The Four Contexts for Growing Missional Disciples

We’re continuing our discussion around our #freshquestions topic of discipleship and today we’re thinking about what missional discipleship could look like. A couple of months ago I had a conversation with Pete Atkins, Fresh Expressions Team Coordinator, about the idea of growing missional disciples. Here he breaks it down into four contexts that he sees as essential to make this happen.

#1: Focus on mission as integral to discipleship

Often in discipleship we have a focus on spiritual maturity and getting ourselves to a certain level of readiness for mission. Inevitably this can mean that mission doesn’t happen as we may never feel that we are ‘ready’.

If we flip that and instead focus our discipleship on mission then there’s no way you won’t grow as a disciple. In fact, I’d suggest that it’s the best way to grow up as a disciple; it is what Jesus does in the gospels. From the moment he called his disciples, he took them with him on his mission and ‘did life’ with them. He then trained them to do the same with others.

It makes sense to me that if we do discipleship in the same way, we would all grow as disciples.

I believe the best and God-intended environment for growing as a disciple of Jesus is in a mission context in community where the purpose and focus of discipleship is following Jesus as he reaches out to others.

As we go out and face the difficulties and challenges that being a people on mission can bring, we have the opportunity to exercise our faith and in so doing, grow deeper with God and in community.

This is particularly evident to me in two settings; firstly, with people sent out into the mission field where you see an increased growth in the maturity of their faith as they’re challenged daily in the setting they are in. Secondly, if you put a non Christian in a setting where mission is happening, it is likely to accelerate their journey towards faith.

#2: A context of prayer

To mature as a disciple, our personal and communal prayer life is key. Prayer is essential because we need to understand what God is doing and without it, we’ll miss that.

As we set out to do mission we need to be praying for resourcing, protection, connections, doors to open, the right team. The effectiveness of what we do will be affected our prayer.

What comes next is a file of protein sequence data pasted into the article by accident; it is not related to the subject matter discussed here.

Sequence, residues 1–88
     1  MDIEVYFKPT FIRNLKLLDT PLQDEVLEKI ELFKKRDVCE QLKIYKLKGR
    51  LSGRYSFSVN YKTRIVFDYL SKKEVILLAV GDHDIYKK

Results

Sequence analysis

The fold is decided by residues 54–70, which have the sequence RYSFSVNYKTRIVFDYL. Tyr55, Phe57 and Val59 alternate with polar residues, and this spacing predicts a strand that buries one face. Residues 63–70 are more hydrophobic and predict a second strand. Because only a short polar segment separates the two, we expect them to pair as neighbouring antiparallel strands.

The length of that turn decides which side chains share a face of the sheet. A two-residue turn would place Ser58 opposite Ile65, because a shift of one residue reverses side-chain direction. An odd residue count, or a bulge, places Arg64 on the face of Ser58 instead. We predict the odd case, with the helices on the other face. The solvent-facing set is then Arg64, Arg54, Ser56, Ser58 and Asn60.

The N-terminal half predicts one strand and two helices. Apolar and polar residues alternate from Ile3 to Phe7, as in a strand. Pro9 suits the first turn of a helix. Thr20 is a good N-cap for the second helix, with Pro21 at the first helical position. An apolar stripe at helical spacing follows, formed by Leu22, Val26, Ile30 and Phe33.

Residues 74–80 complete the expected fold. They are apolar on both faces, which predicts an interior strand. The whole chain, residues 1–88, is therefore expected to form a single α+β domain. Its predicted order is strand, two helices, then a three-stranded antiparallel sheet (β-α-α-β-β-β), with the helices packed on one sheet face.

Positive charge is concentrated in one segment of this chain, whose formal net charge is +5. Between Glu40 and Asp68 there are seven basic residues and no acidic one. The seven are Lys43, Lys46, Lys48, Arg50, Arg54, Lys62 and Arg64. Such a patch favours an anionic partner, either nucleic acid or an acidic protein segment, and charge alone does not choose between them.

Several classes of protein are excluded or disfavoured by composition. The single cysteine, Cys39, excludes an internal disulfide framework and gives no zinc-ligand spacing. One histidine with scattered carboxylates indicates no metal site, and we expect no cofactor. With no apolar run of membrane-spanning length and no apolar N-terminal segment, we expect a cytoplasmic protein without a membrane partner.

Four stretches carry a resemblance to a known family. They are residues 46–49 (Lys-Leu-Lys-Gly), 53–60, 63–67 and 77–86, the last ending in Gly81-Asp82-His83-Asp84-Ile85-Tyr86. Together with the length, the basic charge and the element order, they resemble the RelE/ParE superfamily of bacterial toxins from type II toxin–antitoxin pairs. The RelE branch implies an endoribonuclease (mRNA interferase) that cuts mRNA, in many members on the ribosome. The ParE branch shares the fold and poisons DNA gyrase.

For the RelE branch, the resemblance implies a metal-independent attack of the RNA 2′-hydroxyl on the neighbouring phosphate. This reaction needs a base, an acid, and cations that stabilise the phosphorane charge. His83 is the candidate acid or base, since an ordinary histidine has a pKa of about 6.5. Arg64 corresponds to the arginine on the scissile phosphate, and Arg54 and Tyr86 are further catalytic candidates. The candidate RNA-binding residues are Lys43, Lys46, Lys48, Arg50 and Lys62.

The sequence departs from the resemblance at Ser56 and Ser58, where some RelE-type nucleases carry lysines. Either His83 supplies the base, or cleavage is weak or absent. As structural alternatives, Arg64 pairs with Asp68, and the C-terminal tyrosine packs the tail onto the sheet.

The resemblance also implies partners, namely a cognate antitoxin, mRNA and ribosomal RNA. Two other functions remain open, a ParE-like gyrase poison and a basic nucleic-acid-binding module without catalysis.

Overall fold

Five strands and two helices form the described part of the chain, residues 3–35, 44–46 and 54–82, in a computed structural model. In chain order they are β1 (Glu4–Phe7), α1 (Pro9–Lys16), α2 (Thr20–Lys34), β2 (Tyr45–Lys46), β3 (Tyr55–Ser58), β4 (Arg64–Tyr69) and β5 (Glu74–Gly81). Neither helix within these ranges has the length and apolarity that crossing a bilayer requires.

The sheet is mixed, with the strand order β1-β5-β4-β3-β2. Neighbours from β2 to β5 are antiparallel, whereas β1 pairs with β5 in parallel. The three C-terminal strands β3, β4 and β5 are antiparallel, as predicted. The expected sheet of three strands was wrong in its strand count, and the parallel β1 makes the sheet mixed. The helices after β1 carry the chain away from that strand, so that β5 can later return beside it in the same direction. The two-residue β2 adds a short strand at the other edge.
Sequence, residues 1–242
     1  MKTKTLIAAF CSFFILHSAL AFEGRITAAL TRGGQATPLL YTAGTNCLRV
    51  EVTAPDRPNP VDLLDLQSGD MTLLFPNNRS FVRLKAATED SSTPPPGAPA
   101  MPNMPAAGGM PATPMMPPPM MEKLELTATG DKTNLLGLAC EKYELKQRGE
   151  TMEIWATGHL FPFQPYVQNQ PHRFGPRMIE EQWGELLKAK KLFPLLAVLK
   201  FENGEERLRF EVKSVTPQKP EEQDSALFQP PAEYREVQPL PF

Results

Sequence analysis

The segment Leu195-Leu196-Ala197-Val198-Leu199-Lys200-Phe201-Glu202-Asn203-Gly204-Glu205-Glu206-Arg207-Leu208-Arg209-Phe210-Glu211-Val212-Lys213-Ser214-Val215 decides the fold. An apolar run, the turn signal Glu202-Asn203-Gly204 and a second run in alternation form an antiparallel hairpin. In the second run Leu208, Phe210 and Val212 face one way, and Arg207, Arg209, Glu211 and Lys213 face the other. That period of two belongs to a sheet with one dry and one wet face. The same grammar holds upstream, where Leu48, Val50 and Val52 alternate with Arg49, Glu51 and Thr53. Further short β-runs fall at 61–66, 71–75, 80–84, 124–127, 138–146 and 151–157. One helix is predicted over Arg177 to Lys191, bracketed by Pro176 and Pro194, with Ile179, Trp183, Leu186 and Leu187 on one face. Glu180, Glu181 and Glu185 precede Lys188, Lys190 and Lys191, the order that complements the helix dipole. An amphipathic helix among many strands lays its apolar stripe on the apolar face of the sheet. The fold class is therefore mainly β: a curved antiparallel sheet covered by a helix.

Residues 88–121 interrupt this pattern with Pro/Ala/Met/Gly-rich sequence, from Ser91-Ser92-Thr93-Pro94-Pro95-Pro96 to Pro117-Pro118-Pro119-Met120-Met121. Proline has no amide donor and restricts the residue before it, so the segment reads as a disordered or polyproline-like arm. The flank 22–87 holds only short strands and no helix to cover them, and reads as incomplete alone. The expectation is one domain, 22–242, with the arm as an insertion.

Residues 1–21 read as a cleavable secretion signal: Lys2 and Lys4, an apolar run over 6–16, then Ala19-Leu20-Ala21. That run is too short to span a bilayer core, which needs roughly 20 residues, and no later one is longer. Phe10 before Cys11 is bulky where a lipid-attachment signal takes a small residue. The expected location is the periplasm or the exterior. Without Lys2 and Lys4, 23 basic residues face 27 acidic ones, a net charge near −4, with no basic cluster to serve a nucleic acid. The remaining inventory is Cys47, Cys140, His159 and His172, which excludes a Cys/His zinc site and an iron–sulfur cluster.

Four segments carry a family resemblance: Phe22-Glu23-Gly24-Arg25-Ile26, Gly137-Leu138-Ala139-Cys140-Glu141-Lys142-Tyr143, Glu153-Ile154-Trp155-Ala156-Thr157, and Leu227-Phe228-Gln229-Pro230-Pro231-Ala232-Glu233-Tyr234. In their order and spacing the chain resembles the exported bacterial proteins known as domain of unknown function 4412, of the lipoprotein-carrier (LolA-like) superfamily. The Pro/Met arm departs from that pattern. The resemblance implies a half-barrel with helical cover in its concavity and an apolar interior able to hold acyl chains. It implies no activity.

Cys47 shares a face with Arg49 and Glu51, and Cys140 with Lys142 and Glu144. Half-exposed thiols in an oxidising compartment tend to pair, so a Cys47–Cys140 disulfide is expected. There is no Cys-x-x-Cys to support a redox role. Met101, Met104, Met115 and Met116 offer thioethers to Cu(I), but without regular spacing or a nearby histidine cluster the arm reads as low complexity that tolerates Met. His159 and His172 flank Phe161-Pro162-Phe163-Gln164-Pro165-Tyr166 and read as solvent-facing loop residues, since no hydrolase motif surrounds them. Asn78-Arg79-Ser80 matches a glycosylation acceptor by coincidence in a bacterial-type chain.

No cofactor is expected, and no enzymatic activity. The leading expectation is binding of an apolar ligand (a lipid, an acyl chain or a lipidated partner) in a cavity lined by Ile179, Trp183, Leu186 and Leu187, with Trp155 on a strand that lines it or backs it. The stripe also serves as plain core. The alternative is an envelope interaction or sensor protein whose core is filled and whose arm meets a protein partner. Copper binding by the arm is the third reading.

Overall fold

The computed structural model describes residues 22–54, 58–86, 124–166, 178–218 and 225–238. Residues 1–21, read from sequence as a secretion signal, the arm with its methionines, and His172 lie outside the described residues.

A key skill for the missional disciple is the ability to discern the leading of God. And tying into mission, I believe that the more we seek Him, the more others will find Him.

#3: Having a sense of our God given purpose

There was a point where I was asking ‘How do I grow people up as disciples of Jesus?’ The answer that I heard from various voices around me was that people grew as disciples of Jesus when they pursued something that God was asking them to do. It could be a call to be a great mother. It might be a call to be a first class teacher. Whatever that call is, it will always be a call to grow the Kingdom of God in that space.

Every genuine calling is missional in effect.

Pursuing God’s call on our life will catalyse our growth as a disciple as we face the challenges that come and our need for personal transformation in order to obey God’s call.

#4: The context of community

The context of community is important to growing best as a disciple. It provides a team to go on mission with, an opportunity to play to each other’s gifts and strengths and others to learn from. Within that there also comes challenges and mistakes which in themselves force you to learn to forgive one another and to grow as disciples together. It again comes back to that idea of Jesus ‘doing life’ with his disciples; we need each other to walk alongside as we journey in doing mission.

Do any of these particularly strike or challenge you? Why?

What does being a missional disciple look like for you?

 

 

 

Article by Jo Edwards  

Posted in Feature, Story and tagged , , , , , .

One Comment

  1. Thank you Jo, a clear, challenging AND encouraging article. As I begin my new venture I recognise I have focussed a lot on #3 and #4 (with #2 pottering along) but #1, that is the challenge. And yet, you are quite right; I look back at the past 5 years working for a church and I see that it has been in my being alongside others, sharing the church with them through creative activities that I have grown too. So, although discipleship through mission might be challenging for me, having read your article it is also encouraging to know that I am not stepping out into completely unknown territory. I will reflect on your thoughts some more over the coming week. Thank you.

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